Ever since the uproar surrounding the Andrew Speaker tuberculosis case, I’ve been thinking about how much worse the 1918 pandemic might have been if people then had traveled with the same ease as we do today. Think of all the flights that could have criss-crossed the country, and even the world. Thousands more might have died. Some people, already infected, most likely would have died en route to their destinations.
In her autobiography, the writer Mary McCarthy describes the horrifying experience of traveling by train as a child, when her mother and father were stricken with influenza. The conductor threatened to put the whole family off the train. Later, both parents died of the flu. Ms. McCarthy and her brothers were left in the care of cruel and neglectful relatives, their early childhood marked forever by this tragedy.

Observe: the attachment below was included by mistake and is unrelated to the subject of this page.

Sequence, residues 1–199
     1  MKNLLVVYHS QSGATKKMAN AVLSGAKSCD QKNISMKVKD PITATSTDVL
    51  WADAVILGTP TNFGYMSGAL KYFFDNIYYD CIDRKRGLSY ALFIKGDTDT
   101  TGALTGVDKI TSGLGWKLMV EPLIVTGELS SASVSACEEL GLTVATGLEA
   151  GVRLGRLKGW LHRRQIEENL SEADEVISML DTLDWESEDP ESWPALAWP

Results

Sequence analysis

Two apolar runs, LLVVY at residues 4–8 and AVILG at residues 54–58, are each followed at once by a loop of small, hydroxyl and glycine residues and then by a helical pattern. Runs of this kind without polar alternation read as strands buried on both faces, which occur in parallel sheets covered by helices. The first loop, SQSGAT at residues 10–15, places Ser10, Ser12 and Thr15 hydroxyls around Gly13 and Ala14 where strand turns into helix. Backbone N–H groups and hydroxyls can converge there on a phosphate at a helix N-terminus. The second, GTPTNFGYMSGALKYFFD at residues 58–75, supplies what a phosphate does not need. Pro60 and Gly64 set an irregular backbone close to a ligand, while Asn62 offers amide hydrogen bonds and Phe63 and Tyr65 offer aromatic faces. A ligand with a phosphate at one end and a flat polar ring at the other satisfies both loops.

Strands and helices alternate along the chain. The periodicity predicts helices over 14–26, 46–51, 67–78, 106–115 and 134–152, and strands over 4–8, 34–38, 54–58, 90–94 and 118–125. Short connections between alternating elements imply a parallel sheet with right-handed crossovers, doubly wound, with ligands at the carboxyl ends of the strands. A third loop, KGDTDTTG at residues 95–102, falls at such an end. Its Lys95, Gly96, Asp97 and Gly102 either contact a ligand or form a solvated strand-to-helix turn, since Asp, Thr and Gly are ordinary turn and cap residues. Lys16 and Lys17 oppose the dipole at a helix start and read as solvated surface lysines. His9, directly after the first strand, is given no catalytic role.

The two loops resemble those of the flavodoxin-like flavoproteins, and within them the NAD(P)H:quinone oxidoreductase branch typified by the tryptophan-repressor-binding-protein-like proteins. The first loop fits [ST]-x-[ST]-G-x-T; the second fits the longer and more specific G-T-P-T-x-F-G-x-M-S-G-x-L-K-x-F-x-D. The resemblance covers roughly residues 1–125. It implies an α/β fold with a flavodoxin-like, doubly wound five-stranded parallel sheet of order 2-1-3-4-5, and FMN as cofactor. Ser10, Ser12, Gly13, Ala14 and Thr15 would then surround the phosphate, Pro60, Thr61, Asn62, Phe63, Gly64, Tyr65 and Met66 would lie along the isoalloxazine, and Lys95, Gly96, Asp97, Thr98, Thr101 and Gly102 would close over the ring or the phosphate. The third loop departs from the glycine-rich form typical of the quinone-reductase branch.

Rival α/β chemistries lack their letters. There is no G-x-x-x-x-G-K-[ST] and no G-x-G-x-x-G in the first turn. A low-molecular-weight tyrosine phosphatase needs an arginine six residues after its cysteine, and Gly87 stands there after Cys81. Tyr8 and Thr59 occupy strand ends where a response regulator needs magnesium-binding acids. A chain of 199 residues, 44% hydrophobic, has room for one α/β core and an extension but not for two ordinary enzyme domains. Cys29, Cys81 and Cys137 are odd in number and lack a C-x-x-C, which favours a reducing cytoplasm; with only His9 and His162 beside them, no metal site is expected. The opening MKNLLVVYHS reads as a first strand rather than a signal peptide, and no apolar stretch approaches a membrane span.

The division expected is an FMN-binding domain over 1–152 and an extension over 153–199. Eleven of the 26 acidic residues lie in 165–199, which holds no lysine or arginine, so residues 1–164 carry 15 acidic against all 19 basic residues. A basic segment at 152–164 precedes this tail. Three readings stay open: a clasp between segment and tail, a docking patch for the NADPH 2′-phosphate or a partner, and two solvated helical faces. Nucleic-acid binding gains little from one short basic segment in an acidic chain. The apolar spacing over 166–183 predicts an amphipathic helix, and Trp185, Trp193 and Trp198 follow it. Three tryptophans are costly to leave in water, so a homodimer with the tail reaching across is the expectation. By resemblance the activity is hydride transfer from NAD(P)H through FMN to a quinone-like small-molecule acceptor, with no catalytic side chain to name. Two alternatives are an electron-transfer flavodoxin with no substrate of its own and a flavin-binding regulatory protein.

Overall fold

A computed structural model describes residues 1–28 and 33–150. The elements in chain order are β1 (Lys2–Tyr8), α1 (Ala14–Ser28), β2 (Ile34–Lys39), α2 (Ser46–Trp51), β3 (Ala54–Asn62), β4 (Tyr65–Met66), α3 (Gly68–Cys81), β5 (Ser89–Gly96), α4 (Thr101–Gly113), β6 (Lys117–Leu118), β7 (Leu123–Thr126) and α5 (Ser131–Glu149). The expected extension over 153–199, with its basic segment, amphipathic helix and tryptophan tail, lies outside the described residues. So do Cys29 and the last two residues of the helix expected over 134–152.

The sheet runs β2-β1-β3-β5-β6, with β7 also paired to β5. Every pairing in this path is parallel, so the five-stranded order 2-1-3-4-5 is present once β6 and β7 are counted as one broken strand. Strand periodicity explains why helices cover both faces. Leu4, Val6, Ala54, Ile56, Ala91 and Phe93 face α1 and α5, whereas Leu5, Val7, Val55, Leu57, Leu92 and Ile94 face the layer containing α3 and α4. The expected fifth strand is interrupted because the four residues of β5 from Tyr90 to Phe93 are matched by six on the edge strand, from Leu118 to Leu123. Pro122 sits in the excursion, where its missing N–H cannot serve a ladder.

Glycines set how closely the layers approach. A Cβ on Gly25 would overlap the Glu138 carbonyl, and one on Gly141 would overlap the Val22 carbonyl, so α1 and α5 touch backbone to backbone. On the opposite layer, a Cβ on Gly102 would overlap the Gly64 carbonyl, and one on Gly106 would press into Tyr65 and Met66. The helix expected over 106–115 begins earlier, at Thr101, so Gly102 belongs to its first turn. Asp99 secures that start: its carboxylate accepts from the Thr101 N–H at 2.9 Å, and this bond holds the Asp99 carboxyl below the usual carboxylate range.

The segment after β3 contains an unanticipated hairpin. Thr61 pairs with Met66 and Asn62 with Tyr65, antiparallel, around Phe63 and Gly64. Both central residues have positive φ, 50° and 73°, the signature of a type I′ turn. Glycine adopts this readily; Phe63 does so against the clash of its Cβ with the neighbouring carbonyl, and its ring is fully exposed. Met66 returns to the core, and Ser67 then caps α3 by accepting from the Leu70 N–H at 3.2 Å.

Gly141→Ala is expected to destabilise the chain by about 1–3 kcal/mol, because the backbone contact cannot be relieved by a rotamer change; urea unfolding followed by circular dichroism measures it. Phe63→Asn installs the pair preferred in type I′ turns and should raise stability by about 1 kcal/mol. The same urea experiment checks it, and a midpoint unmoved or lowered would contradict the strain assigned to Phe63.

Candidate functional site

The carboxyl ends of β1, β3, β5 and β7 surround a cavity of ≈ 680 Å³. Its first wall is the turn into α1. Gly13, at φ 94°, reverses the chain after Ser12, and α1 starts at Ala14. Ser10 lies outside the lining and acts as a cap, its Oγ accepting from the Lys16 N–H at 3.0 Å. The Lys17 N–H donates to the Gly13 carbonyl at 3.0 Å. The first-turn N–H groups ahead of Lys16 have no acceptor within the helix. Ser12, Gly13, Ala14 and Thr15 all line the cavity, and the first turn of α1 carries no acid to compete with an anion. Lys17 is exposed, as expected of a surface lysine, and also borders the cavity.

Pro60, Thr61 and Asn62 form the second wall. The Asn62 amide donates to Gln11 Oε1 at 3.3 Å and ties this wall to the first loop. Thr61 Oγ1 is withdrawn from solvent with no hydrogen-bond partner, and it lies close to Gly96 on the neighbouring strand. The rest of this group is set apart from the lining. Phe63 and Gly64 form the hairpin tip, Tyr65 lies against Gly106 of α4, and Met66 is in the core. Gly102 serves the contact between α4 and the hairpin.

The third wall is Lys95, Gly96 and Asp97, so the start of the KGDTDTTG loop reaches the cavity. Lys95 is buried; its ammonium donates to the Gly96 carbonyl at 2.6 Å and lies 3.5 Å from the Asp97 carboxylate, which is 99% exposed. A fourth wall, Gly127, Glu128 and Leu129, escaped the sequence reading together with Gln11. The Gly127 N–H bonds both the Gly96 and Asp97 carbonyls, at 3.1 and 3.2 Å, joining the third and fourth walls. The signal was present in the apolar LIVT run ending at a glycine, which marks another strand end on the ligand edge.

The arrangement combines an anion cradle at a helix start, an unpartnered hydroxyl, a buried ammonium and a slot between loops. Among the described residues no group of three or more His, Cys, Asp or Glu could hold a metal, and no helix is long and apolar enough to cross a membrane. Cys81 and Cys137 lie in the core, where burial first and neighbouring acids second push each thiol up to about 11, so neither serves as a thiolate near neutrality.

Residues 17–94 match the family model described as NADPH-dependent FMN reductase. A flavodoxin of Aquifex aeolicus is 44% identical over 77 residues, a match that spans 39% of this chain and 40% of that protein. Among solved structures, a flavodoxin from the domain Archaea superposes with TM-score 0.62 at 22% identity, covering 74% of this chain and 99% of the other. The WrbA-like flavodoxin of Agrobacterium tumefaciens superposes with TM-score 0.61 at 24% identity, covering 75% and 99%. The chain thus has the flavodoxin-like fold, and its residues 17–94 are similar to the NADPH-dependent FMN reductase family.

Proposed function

The Great War, with its relentless demand for soldiers, also contributed to the contagion. Troop movements across Europe and the U.S. carried the disease from town to town, city to city, and port to port. How many lives might have been spared had it been peacetime?
Memories of a Catholic Girlhood, by Mary McCarthy, Harcourt Brace & Co., 1985.